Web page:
LARGO — The SPCA Tampa Bay will review its euthanasia policies in the wake of a St. Petersburg Times story that showed that about half the animals taken there do not make it out alive.
The animal shelter has also changed its Web site to state prominently, "We are not a no-kill shelter."
In an "open letter to the public" that was e-mailed to supporters Friday night, the Society for the Prevention of Cruelty to Animals' board of directors said it would "take immediate action" to allay fears or concerns of employees, volunteers and the community, including:
• An immediate review of the shelter's policies and procedures "to ensure the proper use of euthanasia."
• A review of how the shelter keeps track of how many animals come in, how many are adopted and how many are euthanized.
"It is apparent that the euthanasia figures are not public, nor readily accessible," the e-mail said. "The board plans to take immediate steps to accurately publicize the euthanasia numbers to better inform all concerned parties."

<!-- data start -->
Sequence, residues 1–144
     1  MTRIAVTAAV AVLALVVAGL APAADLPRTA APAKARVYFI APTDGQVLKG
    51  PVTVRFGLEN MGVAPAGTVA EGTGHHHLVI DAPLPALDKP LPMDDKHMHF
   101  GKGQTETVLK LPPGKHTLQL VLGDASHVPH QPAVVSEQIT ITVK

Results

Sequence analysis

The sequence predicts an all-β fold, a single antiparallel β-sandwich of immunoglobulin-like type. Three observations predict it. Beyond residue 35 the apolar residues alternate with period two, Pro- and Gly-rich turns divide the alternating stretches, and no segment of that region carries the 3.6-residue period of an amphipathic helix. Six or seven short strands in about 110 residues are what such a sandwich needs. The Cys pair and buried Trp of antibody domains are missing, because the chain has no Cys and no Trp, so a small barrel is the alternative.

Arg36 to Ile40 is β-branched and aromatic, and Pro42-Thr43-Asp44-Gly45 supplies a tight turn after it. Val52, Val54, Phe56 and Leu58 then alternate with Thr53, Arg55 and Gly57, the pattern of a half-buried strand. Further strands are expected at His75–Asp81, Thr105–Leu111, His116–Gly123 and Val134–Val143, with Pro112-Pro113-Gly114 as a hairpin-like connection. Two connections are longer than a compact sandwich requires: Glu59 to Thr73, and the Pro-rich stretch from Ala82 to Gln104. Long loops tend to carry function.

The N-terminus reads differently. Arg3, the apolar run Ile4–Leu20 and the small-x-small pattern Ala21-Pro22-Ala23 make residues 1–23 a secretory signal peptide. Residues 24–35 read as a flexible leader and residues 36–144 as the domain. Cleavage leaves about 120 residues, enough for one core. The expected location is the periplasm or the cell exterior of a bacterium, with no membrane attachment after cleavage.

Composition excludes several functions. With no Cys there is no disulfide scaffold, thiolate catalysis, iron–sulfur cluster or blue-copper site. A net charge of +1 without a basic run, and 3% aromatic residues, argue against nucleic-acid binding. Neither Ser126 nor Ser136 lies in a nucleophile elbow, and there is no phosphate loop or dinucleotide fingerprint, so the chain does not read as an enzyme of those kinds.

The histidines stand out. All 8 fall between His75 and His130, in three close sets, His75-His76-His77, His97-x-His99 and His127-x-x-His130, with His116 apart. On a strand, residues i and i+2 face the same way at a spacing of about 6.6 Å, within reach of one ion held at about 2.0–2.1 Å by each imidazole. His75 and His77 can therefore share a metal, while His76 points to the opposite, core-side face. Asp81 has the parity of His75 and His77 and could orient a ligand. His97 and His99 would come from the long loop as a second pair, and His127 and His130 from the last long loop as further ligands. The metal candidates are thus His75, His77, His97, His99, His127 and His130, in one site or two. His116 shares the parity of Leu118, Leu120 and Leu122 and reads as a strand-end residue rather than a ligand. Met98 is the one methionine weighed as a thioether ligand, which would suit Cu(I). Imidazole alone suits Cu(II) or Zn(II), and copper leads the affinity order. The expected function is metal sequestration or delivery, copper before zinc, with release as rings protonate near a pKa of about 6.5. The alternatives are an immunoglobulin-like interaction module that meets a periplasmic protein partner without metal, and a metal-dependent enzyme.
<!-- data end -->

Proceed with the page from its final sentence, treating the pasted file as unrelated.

• Training for staff members and volunteers "in order to more effectively communicate the SPCA's euthanasia policy."
The board will hold an open forum at 6 p.m. Monday.
The Times story, published Friday, examined an organization that for decades has taken in injured strays and pets that people give up. Owners are assured that the shelter will make every effort to find the animals new homes. Among some people, the SPCA even enjoyed a reputation as a "no-kill" shelter, although SPCA officials never made that claim.
The shelter euthanizes about half of the animals it takes in, including kittens under 2 months old, cats that don't use a litter box and dogs with mange.
Friday's story generated more than 225 comments on tampabay.com, with some people saying they would withhold donations.
Board president Jeff Fox could not be reached Friday night. Longtime shelter director Beth Lockwood declined to comment.
In its e-mail, the board said it is "deeply concerned with the animals in its care." It will "effectively deal with these matters as to ensure faith, transparency and accountability."
Times staff writer Kameel Stanley contributed to this report. Kris Hundley can be reached at firstname.lastname@example.org or at (727) 892-2996.